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How Do You Do It?

Posted in: Community Resources

This seems like a completely random subject for a post, but part of the beauty of having your own blog is that you can satisfy random thoughts such as this.  Who I am specifically targeting with this question, “How do you do it?” is parents of children with disabilities.   I was approached by my boss this week who asked me to write an article for Exceptional Parent magazine on either a caregiver or a parent with a child who has special needs.  I jumped on the opportunity and only had one person in mind, Tara.  I contacted Tara right away, hoping she would be interested in helping out a friend (me) write this article.   With Tara being Tara, she gladly accepted with an exuberant, “Absolutely”!  To give you a little background, Tara is my best friend from childhood.  She lives in Rhode Island with her beautiful family and their house is typically the first stop I make when getting off the plane in Providence.  Tara, and her wonderful husband David, have 5 children; Sam, Ben, Meg, Grace and Lily.  I’ve discussed them in previous posts and will talk about them in future posts only because their story is so many things; inspirational, heart wrenching, personal, sad and motivational.


Grace, Tara’s 4th child, has Rett Syndrome.  It, like any developmental disorder, is devestating not only to the person directly affected, but to anyone around the person with the disability.  What makes this situation with Tara and Grace so unique to me is that I’ve never been so personally connected to the product that I market and sell.  Tara and David will eventually need a wheelchair accessible van to be able to safely and conveniently transport Grace and the rest of the family.  I meet many users of our wheelchair vans but it’s always “after”.  By “after” I mean, after their injury, disease or disability no longer allows them to be transported in a conventional manor.  I didn’t know these people before and therefore didn’t know what type of life they led, other than the stories they share with me.

The opposite is true with Grace.  I’ve known Grace since she was a baby, when she was just like any other baby.  I knew her when she was one Tara and David’s clan; helping Sam, Ben and Meg get into shinanigans.  I often wonder if Sam, Ben and Meg remember Grace before she got sick.  I wonder if they remember what it was like to not watch over her with such intensity, scrutiny and care.   Visits to Tara and David’s back then were so different, not bad, just different.  Things are not the same when you have a special needs child; they can’t be.  When Grace was diagnosed with Rett Syndrome 3 years ago, everything changed, for everyone who knew Tara and David.  I remember instantly thinking about VMI’s wheelchair vans, since Grace will eventually loose her mobility.  I never once thought I would be selling my best friend one of our vans.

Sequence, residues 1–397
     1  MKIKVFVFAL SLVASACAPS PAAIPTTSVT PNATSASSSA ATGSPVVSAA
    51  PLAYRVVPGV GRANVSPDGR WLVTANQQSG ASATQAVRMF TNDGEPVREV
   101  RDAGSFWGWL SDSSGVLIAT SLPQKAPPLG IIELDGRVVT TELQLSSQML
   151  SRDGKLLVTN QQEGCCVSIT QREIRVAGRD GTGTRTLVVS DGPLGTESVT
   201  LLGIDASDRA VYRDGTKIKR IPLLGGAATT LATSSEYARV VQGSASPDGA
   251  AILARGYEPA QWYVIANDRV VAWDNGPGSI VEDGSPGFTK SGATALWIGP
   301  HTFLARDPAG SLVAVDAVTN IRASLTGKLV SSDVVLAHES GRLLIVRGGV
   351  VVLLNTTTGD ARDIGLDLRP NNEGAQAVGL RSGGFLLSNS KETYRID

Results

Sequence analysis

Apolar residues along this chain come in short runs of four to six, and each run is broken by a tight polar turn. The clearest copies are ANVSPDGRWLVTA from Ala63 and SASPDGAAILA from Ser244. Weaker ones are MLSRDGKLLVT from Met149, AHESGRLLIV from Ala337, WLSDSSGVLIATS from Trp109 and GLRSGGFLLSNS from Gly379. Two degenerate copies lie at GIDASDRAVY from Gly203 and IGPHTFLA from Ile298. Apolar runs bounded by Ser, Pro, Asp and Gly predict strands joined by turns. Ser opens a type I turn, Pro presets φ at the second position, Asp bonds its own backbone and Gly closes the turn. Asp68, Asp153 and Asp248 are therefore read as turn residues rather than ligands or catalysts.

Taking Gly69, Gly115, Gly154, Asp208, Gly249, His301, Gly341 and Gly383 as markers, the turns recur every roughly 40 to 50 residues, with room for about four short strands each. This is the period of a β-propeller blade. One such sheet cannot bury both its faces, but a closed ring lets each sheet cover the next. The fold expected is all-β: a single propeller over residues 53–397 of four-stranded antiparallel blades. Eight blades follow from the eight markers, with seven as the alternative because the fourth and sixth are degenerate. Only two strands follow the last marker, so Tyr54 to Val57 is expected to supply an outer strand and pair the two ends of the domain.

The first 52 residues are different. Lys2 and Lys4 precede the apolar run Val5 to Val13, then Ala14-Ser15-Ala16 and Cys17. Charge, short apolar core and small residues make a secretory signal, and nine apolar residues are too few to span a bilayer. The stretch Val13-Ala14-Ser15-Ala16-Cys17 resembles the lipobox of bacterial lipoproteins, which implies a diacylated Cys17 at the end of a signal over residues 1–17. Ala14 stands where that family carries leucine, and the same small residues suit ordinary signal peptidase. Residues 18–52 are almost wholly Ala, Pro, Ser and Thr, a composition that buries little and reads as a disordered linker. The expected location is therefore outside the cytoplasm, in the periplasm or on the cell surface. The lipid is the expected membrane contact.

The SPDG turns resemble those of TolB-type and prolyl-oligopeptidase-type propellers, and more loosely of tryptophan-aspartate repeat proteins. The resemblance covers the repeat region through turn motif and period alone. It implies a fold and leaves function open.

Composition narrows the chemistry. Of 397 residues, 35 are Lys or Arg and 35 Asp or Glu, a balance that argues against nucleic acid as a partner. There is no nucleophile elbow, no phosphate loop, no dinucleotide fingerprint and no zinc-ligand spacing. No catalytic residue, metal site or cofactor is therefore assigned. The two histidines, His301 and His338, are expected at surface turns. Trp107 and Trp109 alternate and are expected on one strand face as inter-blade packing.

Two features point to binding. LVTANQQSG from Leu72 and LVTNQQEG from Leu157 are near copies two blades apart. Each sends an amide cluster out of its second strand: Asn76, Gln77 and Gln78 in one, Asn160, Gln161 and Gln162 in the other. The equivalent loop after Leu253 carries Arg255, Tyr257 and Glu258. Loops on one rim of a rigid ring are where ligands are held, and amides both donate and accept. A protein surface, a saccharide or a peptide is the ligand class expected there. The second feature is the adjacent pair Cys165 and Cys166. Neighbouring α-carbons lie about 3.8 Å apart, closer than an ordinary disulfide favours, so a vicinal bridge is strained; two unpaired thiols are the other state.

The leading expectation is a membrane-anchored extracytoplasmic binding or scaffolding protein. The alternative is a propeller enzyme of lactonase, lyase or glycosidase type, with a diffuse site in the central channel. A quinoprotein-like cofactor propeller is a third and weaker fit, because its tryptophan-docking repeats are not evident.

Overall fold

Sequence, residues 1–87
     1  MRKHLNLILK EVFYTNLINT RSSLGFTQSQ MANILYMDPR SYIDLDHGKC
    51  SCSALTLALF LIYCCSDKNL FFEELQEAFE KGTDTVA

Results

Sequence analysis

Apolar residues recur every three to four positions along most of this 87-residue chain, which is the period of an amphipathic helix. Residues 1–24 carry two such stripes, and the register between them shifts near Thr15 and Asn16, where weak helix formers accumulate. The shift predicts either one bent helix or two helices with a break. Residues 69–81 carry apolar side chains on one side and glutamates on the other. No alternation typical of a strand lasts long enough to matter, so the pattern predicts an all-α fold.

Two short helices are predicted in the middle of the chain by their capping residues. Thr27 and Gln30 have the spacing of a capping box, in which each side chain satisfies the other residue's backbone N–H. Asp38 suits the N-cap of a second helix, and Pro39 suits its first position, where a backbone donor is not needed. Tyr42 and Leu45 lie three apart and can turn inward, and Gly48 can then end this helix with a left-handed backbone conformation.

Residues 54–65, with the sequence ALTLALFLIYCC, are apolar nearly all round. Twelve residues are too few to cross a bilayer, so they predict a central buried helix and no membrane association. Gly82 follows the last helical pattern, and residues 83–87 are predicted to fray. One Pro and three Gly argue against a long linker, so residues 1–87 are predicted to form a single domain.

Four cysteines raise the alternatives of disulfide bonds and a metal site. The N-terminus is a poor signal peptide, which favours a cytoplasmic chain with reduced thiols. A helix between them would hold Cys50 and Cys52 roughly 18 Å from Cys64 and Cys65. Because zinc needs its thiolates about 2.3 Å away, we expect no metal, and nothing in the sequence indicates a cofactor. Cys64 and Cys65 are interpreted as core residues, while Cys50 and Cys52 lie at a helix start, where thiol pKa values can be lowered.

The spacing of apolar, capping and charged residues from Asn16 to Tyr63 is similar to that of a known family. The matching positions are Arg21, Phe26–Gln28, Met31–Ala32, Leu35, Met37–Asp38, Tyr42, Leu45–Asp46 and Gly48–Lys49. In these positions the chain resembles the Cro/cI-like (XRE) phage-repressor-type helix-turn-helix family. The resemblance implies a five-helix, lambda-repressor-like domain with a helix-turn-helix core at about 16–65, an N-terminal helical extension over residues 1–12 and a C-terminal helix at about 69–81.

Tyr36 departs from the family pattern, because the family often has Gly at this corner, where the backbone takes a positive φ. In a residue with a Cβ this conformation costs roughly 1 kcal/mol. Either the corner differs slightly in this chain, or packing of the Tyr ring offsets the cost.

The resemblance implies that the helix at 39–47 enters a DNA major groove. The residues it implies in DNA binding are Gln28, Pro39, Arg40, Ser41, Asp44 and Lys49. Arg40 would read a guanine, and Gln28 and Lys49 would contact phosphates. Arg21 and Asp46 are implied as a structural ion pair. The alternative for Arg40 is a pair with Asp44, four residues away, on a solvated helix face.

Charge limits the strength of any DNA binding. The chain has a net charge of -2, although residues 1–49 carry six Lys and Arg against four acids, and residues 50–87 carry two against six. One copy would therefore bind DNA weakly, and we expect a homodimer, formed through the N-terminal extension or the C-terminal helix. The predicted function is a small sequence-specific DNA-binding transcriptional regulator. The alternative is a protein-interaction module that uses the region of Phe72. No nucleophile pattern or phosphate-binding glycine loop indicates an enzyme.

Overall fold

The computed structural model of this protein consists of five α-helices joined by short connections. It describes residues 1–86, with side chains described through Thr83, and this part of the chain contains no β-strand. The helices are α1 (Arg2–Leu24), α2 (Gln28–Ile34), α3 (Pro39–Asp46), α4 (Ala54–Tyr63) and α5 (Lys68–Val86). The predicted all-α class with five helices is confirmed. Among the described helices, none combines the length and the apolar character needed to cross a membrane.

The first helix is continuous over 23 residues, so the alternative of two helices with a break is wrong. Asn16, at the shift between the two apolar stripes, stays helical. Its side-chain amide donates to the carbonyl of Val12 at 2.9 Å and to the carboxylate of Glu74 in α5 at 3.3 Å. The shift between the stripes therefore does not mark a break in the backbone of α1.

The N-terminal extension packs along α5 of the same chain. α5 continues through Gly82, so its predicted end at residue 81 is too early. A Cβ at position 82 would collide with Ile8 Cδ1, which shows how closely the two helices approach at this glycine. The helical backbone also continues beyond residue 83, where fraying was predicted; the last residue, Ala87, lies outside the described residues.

Me and Grace in 2007

Me and Grace in 2007

Being 2500 miles away from Rhode Island, and Tara, I only know what is going on by brief phone conversations and through Tara’s updates via email.  She is diligent about keeping everyone in her large circle updated on Grace, and sends out at least 3 emails each month.  The last email came in this week and she started by saying, Grace is doing her best to fight this great fight. She’s extremely wobbly on her feet, one of her ankles is caving in, her hands, arms, head are all tremoring and she looks a bit “Katherine Hepburn” these days. She’s tired. Her life is hard every minute.

Although her body lacks the ability to regulate things that we all do automatically without thought or effort like swallow, breath, sleep, walk, talk, etc., she does do one thing with perfection and independently and that is LOVE. She loves indiscriminately and without limits. To me, that is something we all fail at. Grace loves you no matter what size, smell, color, or disability you have (inside or out). She has mastered or actually was born with this ability that very few people in this world ever achieve.”



Tara’s words are the inspiration to this post.  I wonder every day how she does it.  I am a single woman, with no children,  and I wonder sometimes how I make it through a day, pathetic, isn’t it?  I want to focus on this one simple question when I “interview” Tara for the Exceptional Parent article.  I will share that article with you when it is complete.